Here you can see in detail where the hands of the clock are at the right angle. There are two times when the hour’s hand appears in the post and ante meridiem appears only one time literally and i.e 2 AM, 2 PM period and 8 AM, 8 PM period. This happens when the 4th quarter completes.

It happens twice every 12 hours, once every 15 after and once a quarter, sometimes two for twenty-four hours = 48. But this decision has one drawback, namely that the clock is progressing, the minute’s needle positioned 90 degrees later in the hour.

Let us check the wrong approach most of us did for the first time.

Here we took both 8:55 AM and 9:00 AM both of which will never be possible until someone discovers a time machine. And we also took 2:55 and 3:00 together, where we did our fourth mistake, hence we got two more than the exact answer. If we subtract our errors, then we got the correct answer that is 44 (=48-4). Hope this will make you understand easily.

For more logical maths nerds let’s take an example, a 3:XX alignment at 90 degrees occurs at 3:33 (not 3:30) because the hour hand on the dial has passed 90 degrees, so the minute hand passes after “6”. In fact, at exactly 9:00, the minute hand will expire from the hour hand, for example, a 7:xx sync occurs at 07:54, but no 8:xx sync – it actually happens at 9:00. So we only get 11 90 degrees orientations in 12 hours. And it can double quarter to quarter because of that.

So 2 x 11 for 12 hours = 22 for twelve hours and 44 for 24 hours.

**Answer**: 44 times the hands of a clock at right angle in a day.

We know that: 1440 minutes in 24 hours.

The angular speed of the hour hand is 0.5° per minute.

The angular speed of the minute hand is 6° per minute.

In the clockwise direction, the angular speed of the minute hand is 5.5° per minute.

The angle is zero when the time is 12:00.

=> 90 ° / 5.5 gives 16.3636363636 minutes

=> 1440 / 16.36 is 88 (rounded up)

This is for 4 quadrants.

Since we only need to look at 2 quadrants.

So the answer is 88/2 = 44

So, here we discuss two different ways to solve a problem “How many times are the hands of a clock at right angle in a day?” in two approaches: mathematical and applied physics.

The post How many times are the hands of a clock at right angle in a day? appeared first on Math Dart.

]]>The post GATE Real Analysis 2021 Solutions appeared first on Math Dart.

]]>**GATE Real Analysis 2021 Problem 1:**

Let f_{n}:[0,10]\rightarrow \mathbb{R} be given by f_{n}(x)=n x^{3} e^{-n x} for n=1,2,3, \ldots .

Consider the following statements:

P: \left(f_{n}\right) is equicontinuous on [0,10].

Q: \sum_{n=1}^{\infty} f_{n} does NOT converge uniformly on [0,10].

Then

(A) both \mathrm{P} and \mathrm{Q} are TRUE

(B) \mathrm{P} is TRUE and \mathrm{Q} is FALSE

(C) P is FALSE and Q is TRUE

(D) both \mathrm{P} and \mathrm{Q} are FALSE

**GATE Real Analysis 2021 Problem 2:**

Let f: \mathbb{R}^{2} \rightarrow \mathbb{R} be given by

\begin{array}{cl}
f(x, y)= & \left\{\begin{array}{cl}
\sqrt{x^{2}+y^{2}} \sin \left(y^{2} / x\right) & \text { ir } x \neq 0 \\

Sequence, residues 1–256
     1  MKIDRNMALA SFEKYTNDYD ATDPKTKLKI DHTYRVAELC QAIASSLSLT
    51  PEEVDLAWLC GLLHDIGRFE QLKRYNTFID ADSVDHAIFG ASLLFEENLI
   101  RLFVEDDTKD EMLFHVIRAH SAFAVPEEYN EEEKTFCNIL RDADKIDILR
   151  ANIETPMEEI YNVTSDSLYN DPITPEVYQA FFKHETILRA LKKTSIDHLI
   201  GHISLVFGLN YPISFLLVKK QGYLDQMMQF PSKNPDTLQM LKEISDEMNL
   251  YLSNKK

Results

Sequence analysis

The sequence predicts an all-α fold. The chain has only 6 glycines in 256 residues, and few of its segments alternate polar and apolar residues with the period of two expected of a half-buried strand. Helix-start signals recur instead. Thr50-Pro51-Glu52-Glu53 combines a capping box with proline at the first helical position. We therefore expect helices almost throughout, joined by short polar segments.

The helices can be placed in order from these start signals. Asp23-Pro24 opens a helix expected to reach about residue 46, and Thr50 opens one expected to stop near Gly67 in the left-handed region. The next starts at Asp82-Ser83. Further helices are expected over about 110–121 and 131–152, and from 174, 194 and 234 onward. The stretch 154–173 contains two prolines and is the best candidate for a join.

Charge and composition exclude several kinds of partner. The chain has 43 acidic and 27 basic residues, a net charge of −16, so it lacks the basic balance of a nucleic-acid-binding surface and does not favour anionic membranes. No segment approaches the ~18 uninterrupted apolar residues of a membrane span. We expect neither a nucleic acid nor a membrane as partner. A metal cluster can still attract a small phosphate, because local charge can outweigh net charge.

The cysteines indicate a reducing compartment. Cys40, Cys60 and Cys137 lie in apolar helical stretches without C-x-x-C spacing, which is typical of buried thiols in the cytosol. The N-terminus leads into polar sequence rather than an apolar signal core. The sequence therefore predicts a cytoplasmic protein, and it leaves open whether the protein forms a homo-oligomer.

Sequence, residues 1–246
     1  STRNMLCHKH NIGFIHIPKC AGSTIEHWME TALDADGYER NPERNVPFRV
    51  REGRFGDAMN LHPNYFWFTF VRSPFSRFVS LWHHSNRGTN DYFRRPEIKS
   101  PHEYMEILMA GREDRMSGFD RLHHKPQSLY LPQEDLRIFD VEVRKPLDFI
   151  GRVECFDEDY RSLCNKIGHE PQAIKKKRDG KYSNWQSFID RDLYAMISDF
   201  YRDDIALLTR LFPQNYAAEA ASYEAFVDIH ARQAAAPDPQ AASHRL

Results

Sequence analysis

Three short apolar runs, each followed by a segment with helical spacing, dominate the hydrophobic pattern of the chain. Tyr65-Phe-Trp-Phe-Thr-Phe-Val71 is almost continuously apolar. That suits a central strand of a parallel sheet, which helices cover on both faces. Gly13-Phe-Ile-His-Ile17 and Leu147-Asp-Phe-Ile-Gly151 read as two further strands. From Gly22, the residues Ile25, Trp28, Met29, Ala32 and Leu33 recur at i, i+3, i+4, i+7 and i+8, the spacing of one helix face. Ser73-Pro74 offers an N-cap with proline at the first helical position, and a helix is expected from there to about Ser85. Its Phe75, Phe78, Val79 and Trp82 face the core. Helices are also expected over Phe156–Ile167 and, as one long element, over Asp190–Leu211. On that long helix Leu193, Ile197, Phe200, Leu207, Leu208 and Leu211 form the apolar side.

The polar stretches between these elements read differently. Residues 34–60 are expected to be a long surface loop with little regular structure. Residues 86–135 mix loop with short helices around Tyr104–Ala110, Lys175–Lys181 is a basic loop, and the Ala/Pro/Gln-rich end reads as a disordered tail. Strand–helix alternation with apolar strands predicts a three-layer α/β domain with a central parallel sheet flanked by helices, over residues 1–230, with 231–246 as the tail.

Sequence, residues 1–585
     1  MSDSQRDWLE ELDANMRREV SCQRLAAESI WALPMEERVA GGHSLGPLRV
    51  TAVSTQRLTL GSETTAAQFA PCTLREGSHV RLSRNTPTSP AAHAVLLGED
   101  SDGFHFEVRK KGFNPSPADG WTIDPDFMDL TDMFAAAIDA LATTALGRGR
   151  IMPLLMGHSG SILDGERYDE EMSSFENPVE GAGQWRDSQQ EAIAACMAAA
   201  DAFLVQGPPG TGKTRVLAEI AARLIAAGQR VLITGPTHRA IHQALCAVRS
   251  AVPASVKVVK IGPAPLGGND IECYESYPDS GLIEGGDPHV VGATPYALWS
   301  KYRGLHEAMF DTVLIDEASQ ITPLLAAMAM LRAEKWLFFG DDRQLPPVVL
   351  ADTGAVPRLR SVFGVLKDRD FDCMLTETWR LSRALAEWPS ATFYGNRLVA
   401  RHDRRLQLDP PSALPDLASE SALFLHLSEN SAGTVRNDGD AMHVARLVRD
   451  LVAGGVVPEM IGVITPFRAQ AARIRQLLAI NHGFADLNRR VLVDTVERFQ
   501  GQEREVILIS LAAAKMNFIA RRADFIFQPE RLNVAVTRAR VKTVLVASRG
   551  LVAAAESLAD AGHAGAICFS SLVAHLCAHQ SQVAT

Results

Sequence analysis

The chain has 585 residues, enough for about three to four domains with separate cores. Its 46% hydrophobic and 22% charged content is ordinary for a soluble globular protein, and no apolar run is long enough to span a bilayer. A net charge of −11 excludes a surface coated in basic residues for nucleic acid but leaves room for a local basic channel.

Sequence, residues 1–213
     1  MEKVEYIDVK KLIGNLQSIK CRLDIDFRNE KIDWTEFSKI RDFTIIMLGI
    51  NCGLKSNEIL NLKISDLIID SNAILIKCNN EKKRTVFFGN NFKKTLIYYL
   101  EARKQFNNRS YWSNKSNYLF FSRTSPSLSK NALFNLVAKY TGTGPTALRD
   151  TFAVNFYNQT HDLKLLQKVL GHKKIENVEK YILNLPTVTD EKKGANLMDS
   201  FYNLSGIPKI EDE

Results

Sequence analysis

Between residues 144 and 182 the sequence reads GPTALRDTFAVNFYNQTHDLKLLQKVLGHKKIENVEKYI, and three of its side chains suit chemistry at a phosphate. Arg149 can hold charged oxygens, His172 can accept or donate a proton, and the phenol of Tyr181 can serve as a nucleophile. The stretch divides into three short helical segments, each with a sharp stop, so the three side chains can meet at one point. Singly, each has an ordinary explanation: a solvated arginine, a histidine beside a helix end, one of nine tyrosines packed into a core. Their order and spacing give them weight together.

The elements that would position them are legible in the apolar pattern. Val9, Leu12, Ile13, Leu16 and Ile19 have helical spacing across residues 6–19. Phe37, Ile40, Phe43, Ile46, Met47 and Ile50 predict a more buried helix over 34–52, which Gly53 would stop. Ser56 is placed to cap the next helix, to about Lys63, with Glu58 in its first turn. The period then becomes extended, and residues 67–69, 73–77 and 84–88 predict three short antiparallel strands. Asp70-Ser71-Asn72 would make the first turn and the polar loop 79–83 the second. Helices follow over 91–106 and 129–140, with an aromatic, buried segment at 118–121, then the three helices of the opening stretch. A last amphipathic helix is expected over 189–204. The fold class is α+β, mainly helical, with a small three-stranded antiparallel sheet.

0 & \text { if } x=0
\end{array}\right.
\end{array}

Consider the following statements:

P: f is continuous at (0,0) but f is NOT differentiable at (0,0).

Q: The directional derivative D_{u} f(0,0) of f at (0,0) exists in the direction of every unit vector u \in \mathbb{R}^{2}.

Then

(A) both \mathrm{P} and \mathrm{Q} are TRUE

(B) \mathrm{P} is TRUE and \mathrm{Q} is FALSE

(C) P is FALSE and Q is TRUE

(D) both \mathrm{P} and \mathrm{Q} are FALSE

**GATE Real Analysis 2021 Problem 3:**

Let f:\left(\frac{-\pi}{2}, \frac{\pi}{2}\right) \rightarrow \mathbb{R} be given by f(x)=\frac{\pi}{2}+x-\tan ^{-1} x. Consider the following statements:

P: |f(x)-f(y)|<|x-y| for all x, y \in\left(\frac{-\pi}{2}, \frac{\pi}{2}\right)

Q: f has a fixed point.

(A) both \mathrm{P} and \mathrm{Q} are TRUE

(B) \mathrm{P} is TRUE and \mathrm{Q} is FALSE

(C) P is FALSE and Q is TRUE

(D) both \mathrm{P} and \mathrm{Q} are FALSE

**GATE Real Analysis 2021 Problem 4:**

Let f: \mathbb{R}^{2} \rightarrow \mathbb{E} be given by f(x, y)=4 x y-2 x^{2}-y^{4} . Then f has

(A) a point of local maximum and a saddle point

(B) a point of local minimum and a saddle point

(C) a point of local maximum and a point of local minimum

(D) two saddle points

**Check** : Numerical Analysis GATE Solutions 2021 & 2020, Syllabus, Weightage (MA)

**GATE RA 2021 Problem 5:**

Consider the following statements:

P: d_{1}(x, y)=\left|\log \left(\frac{x}{y}\right)\right| is a metric on (0,1).

Q: d_{2}(x, y)=\left\{\begin{array}{cl}|x|+|y| . & \text { if } x \neq y \\ 0, & \text { if } x=y\end{array} \quad\right. is a mefric on (0,1).

Then

(A) both \mathrm{P} and \mathrm{Q} are TRUE

(B) \mathrm{P} is TRUE and \mathrm{Q} is FALSE

(C) P is FALSE and Q is TRUE

(D) both \mathrm{P} and \mathrm{Q} are FALSE

I Hope, these GATE solutions have helped you, please comment on which previous year gate question paper solutions. mathdart.com brings you many helpful notes for GATE preparation.